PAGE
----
FDA Removes Boxed Warning from Long-Acting Beta Agonists (LABAs) and Inhaled Corticosteroids (ICS)

On December 20, 2017 the FDA removed its most prominent warning, the Boxed Warning, about asthma-related death from the drug labels of medicines that contain both an ICS and LABA. These include Advair Diskus, Advair HFA, Airduo Respiclick, Breo Ellipta, Dulera, and Symbicort.

The controversy surrounding LABAs has persisted since salmeterol was originally approved by the FDA in 1994. Concerns about the association between salmeterol and the risk for serious asthma-related events were noted in 1993 in the Serevent Nation Surveillance Study from the U.K..

The FDA requested a safety trial and GSK sponsored the Salmeterol Multicenter Asthma Research Trial (SMART) which was published in 2006 and LABA therapy was associated with increased asthma-related death. Unfortunately, the SMART study was poorly designed and was closed prematurely because of poor enrollment and a possible safety signal.

A subgroup analysis found that mortality was significantly higher among African-American men. No subgroup analysis regarding differences in outcomes between LABA monotherapy and combination therapy (ICS + LABA) was possible.

In 2010 the FDA issued two Drug Safety Communications to providers and patients. In addition to proscribing the use of LABA monotherapy in the treatment of asthma, the FDA recommended that LABAs should not be used in patients whose asthma was adequately controlled on low- or medium-dose ICSs; LABAs should only be used as additional therapy for patients with asthma who are currently taking but are not adequately controlled on a long-term controller.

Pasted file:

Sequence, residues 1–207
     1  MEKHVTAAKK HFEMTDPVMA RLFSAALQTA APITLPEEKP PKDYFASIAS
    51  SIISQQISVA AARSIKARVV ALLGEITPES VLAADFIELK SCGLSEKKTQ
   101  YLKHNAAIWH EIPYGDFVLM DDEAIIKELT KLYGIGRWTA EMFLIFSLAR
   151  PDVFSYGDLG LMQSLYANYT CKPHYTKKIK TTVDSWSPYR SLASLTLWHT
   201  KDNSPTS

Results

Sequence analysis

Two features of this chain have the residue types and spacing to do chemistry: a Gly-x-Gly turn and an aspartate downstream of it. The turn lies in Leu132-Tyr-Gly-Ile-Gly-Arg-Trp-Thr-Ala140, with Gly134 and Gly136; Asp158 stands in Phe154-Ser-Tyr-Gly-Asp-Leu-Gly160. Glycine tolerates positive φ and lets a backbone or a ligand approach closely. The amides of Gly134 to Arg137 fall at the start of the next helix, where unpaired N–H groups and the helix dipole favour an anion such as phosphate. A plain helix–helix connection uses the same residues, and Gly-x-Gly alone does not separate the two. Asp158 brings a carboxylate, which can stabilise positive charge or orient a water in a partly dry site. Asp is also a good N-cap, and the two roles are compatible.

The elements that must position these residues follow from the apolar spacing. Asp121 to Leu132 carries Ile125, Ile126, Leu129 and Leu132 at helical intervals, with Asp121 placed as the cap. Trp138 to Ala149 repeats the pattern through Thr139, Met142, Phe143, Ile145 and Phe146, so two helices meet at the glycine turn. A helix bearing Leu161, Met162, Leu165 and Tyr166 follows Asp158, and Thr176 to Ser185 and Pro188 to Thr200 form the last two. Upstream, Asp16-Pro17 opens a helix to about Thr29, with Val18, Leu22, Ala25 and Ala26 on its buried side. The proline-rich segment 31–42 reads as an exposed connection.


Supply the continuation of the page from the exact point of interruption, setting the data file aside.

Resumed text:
The FDA further recommended that once asthma control is achieved and maintained, patients should be assessed at regular intervals and step-down therapy should begin (e.g., discontinue LABA) and the patient should continue to be treated with a long-term maintenance therapy, such as an ICS (i.e., step-down strategy).

The FDA in 2011 required four large clinical trials of the safety of the combination of ICS and LABA. Two of the studies were published in the New England Journal of Medicine in 2016 (salmeterol and formoterol).

The FDA review demonstrated that treating asthma with long-acting beta agonists (LABAs) in combination with inhaled corticosteroids (ICS) does not result in significantly more asthma-related hospitalizations, the need for intubation, or asthma-related deaths. Combination therapy was also more effective than monotherapy for reducing asthma exacerbations.

In addition to removing the boxed warning, the 2010 FDA recommendations for ICS monotherapy and step-down therapy have been removed from the prescribing information. For example, the prescribing information for Advair Diskus states that the combination should be used for patients not adequately controlled on a long-term asthma control medication such as an inhaled corticosteroid (ICS) or whose disease warrants initiation of treatment with both an ICS and long-acting beta2-adrenergic agonist.

Simultaneously, it’s also crucial to be aware of another important shift that has occurred in the healthcare sector concerning specific changes in the approach to moderate sedation.

However, LABAs used alone remain associated with increased asthma-related mortality, so single-ingredient LABA drugs will continue to carry the boxed warning noting this risk. Furthermore, the boxed warning for LABA was never pertinent to LABA therapy for the indication of COPD.

James Lamberti, MD
NAMDRC President-Elect